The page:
While there is uncertainty about the size of any adverse effect of the ban on institutions' recruitment of minority students, the evidence that is available does not support an assertion that the Department's rule will seriously Start Printed Page 73994undermine efforts to obtain educational diversity. In “For Profit Higher Education: The Failure to Safeguard the Federal Investment and Ensure Student Success,” [1] the Senate HELP Committee referred to GAO's 2011 study of student outcomes at for-profit schools. In that study, GAO observed that African American and Hispanic students already comprised some 48 percent of all students enrolled in for-profit schools—more than the percent of students enrolled at for-profit schools who are non-Hispanic white (46 percent; Asian-Pacific Islanders and other non-Hispanic white students account for the other 6 percent of for-profit school students), double the percentage of students enrolled at private non-profit schools who are minority students, and far more than the percentage (28 percent) of students enrolled in public institutions who are minority students.[2] In addition, we note that the pattern observed in the GAO report continued in succeeding years, and was reflected at each credential level.[3] These data demonstrate that for-profit schools at each credential level already enroll disproportionately large percentages of minority students compared to non-minority students and therefore call into question one of the commenter's claims that minority recruitment efforts by the for-profit institutions to which the ban applies are needed to successfully assemble a diverse student body. (AR -3386, 3429, 3430). For-profit schools clearly already have diverse student bodies, dramatically different than student bodies at public or private non-profit institutions.

Although the data show that for-profit schools already enrolled a significant percentage of minority students, estimating whether this diversity has been the result of the payment of incentive compensation, and whether the incentive compensation ban will negatively affect this already very diverse enrollment, would require a reliable estimate of the prevalence of incentive-based compensation in recruiting efforts directed at these minority students, as opposed to other students. The Department has no evidence to show what percentage of these minority students were enrolled on account of incentive-based compensation, as opposed to other features of for-profit schools.[4] However, we do know that the percentage of enrolled students who were minority students in degree-granting institutions increased from fall 2010 to fall 2013, after the regulations became effective: minority enrollment as a percentage of all enrollment increased from 39.5 percent in 2010 to 43.1 percent in 2013.[5] Similarly, minority student enrollment as a percentage of total enrollments in for-profit degree-granting institutions increased from fall 2010 to fall 2013: from 49.3 percent (4-year institutions) and 56 percent (2-year institutions) in 2010 to 54 percent (4-year institutions) and 61 percent (2-year institutions) in 2013.[6] These changes may be the result of many factors that are difficult to weigh or distinguish with respect to their effects on enrollment, including that institutions have already made changes needed to recruit in a manner compliant with the ban. However, these data do not support a claim that the incentive compensation ban has in fact negatively affected minority enrollment.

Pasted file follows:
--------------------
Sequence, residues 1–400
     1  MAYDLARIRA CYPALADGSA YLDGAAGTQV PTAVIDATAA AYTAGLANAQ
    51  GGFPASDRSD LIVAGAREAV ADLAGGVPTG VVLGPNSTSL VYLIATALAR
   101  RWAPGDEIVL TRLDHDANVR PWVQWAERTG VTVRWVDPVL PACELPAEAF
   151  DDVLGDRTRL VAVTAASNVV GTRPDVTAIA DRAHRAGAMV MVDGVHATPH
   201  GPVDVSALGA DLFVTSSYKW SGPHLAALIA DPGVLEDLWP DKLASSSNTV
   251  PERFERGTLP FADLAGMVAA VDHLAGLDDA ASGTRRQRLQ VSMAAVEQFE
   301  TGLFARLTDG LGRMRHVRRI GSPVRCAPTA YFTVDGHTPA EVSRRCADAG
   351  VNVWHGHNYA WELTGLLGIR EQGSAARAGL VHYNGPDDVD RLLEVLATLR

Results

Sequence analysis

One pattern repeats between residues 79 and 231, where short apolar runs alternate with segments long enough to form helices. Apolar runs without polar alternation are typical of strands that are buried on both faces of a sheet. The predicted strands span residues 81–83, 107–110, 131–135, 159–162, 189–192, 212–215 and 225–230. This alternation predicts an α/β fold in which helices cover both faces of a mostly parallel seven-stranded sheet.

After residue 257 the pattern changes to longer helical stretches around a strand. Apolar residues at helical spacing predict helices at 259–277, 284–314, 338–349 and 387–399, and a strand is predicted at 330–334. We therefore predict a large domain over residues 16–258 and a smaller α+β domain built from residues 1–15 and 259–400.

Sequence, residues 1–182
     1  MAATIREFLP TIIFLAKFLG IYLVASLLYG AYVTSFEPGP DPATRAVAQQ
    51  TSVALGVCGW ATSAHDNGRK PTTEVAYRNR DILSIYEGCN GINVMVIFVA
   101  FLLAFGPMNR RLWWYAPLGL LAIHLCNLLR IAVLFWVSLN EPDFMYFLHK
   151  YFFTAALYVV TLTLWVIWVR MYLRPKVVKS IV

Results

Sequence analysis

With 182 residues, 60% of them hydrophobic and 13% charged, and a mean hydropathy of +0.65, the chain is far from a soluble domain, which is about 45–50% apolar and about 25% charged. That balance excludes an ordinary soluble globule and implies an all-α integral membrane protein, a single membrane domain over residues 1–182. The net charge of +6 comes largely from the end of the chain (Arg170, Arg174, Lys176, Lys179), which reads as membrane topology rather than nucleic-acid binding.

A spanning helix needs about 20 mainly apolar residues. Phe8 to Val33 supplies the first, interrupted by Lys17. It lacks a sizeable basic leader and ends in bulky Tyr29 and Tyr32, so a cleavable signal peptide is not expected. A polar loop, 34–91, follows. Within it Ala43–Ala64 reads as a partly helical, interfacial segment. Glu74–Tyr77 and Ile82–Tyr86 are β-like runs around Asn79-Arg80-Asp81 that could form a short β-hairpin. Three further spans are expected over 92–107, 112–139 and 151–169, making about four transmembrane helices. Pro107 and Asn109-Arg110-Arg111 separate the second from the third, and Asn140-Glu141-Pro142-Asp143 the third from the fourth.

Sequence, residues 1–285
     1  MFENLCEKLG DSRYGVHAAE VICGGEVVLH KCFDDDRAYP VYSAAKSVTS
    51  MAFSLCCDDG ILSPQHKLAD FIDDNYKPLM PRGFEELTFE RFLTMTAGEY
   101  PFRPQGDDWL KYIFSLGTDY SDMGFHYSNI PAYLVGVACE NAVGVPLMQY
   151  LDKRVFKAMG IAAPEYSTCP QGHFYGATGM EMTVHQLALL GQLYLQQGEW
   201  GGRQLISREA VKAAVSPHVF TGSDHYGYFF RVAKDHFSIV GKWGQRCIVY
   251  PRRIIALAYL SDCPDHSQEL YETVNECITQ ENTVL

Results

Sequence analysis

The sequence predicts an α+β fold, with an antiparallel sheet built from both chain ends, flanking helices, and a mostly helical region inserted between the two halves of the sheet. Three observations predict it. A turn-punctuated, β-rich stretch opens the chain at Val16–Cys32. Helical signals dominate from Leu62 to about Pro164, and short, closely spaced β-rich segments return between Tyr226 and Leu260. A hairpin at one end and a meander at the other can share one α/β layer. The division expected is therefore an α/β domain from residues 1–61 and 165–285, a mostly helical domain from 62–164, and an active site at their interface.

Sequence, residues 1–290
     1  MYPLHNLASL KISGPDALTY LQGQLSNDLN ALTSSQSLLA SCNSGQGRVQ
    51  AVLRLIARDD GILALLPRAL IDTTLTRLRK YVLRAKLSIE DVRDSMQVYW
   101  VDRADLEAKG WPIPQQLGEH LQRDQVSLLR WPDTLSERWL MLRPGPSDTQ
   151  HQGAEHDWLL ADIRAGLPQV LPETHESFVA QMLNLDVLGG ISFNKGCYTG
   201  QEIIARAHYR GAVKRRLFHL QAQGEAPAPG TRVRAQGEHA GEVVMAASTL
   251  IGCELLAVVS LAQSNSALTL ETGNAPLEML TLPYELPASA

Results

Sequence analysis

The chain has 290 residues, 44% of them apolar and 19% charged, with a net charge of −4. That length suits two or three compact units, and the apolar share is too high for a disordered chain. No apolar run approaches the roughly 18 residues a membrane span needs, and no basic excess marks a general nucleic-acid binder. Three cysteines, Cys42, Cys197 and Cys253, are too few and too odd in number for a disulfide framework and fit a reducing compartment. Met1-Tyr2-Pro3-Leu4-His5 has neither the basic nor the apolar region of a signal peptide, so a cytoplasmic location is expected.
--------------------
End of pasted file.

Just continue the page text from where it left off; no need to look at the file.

The Department continues to support all lawful efforts to promote diversity in enrollment, and nothing in the amended regulations changes that fact. Schools can implement effective recruiting programs generally, and effective minority outreach programs specifically, without compensating recruiters based on the number of students enrolled. Considerable efforts have already been made by this and other agencies, and non-governmental entities, to explore techniques to reach minority students and persuade them that postsecondary education is both available to them and worth their investment.[7] It is beyond the scope of this clarification and additional information to incorporate that literature or summarize the findings. The commenters did not seek Department guidance on how to conduct outreach to minority students, and any institution interested in methods of such outreach can access resources and information on methods of outreach through Department and other sources.[8] The commenters directly asked only for guidance about how to apply the compensation ban to minority recruitment practices, and we respond simply that the ban prohibits compensating those performing outreach and recruitment activities for minority students on the basis of the number of students enrolled. As we note above, minority students are often the target of recruitment practices that lead Start Printed Page 73995to enrollment in courses of study that do not further their educational or vocational goals and are contrary to their economic interests, and the rule is intended to reduce that occurrence.

We acknowledge that some institutions may need to revise their diversity outreach operations if they depend more on the financial motivation of the recruiter than the design of the recruiting or outreach plan or the relative value of the programs touted by the recruiter. The regulations address only the payment of incentives to recruiters, not the activities the school requires recruiters to perform. Thus, the regulations do not prevent an institution from holding a recruiter accountable for implementing an effective recruiting or minority outreach plan adopted by the institution.